Two surveys that take the pulse of China’s manufacturing sector on Thursday buttressed the view that the giant Chinese economy is picking up a little speed after months of deceleration.
The monthly polls — one conducted by the China Federation of Logistics and Purchasing in Beijing, the other released by the bank HSBC — both showed that manufacturing conditions improved in October as the effect of recent stimulus measures and somewhat improved overseas demand began to filter through to companies making anything from furniture and garments to plastic goods.
The official purchasing managers index for October came in at 50.2, rallying above the 50-point mark that separates contraction from expansion for the first time since July.
The HSBC reading, which is more focused on smaller and medium-sized enterprises, rose to an eight-month high of 49.5 points in October, up from 47.9 in September. The reading was also a significant improvement on the preliminary figure of 49.1 that the bank published last week.
Over the past month or so, anecdotal evidence and early data have signaled that Chinese economy may finally have bottomed out. Flagging overseas demand and the delayed effect of measures aimed at cooling inflation and a red-hot property market had caused China’s economy to lose much of its steam this year.
The indexes released Thursday, however, backed up the impression that the economy may enjoy a modest recovery in coming months.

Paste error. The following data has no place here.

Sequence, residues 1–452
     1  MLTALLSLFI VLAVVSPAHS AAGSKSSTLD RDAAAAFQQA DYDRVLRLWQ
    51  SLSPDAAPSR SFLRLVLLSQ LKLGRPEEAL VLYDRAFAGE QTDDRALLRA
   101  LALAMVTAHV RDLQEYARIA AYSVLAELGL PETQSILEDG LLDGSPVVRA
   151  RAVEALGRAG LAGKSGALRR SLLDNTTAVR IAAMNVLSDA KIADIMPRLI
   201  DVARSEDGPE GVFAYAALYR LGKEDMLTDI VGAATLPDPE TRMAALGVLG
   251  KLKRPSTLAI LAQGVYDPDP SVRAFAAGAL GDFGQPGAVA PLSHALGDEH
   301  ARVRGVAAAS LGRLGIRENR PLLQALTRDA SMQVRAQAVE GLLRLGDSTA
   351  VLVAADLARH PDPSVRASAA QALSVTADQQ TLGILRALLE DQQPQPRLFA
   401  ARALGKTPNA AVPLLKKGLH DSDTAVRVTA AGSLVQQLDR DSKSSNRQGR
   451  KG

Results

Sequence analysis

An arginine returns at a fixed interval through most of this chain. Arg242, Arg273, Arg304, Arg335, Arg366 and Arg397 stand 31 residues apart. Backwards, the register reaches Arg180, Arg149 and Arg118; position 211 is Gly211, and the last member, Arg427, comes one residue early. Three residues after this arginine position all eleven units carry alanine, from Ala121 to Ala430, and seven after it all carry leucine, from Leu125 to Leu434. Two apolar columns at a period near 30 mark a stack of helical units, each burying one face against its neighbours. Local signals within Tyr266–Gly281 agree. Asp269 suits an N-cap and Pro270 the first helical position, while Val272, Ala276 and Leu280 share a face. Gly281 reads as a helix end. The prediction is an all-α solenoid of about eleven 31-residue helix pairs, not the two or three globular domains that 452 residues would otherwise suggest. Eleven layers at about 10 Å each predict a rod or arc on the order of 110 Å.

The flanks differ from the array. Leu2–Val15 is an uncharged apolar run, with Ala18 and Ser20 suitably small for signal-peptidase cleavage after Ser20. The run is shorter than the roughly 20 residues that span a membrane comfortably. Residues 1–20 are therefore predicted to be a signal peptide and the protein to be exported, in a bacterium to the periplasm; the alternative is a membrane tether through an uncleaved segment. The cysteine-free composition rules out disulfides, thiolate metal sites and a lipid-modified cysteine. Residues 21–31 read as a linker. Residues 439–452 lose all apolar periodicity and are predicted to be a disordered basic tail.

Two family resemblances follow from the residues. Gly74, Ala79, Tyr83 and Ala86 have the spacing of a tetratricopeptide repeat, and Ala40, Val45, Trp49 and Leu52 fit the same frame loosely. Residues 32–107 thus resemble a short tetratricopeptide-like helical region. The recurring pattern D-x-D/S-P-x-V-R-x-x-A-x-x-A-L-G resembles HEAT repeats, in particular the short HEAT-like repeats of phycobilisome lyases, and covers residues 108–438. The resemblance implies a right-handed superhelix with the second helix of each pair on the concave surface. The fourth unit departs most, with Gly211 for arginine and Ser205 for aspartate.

“Overall, this reflects the impact of policy easing that has accelerated since May, including pick-up in infrastructure investment, fiscal expenditure, accommodative liquidity condition and monetary policy stance,” economists at JP Morgan said in a note. A stabilisation in the housing market in recent months also provided support to domestic demand, they added.
However, economists also caution that the Chinese economy is unlikely to bounce back to the kind of growth levels it enjoyed before the global financial crisis.
The World Bank and the International Monetary Fund, for example, forecast that expansion next year will be a little more than 8 per cent — up from just under 8 per cent this year.
Moreover, financial turmoil in Europe and the so-called fiscal cliff in the United States could set back global growth again.
The “fragile external environment,” the JP Morgan team wrote, “remains the most notable risk in the road of economic recovery.”
© 2012 The New York Times News Service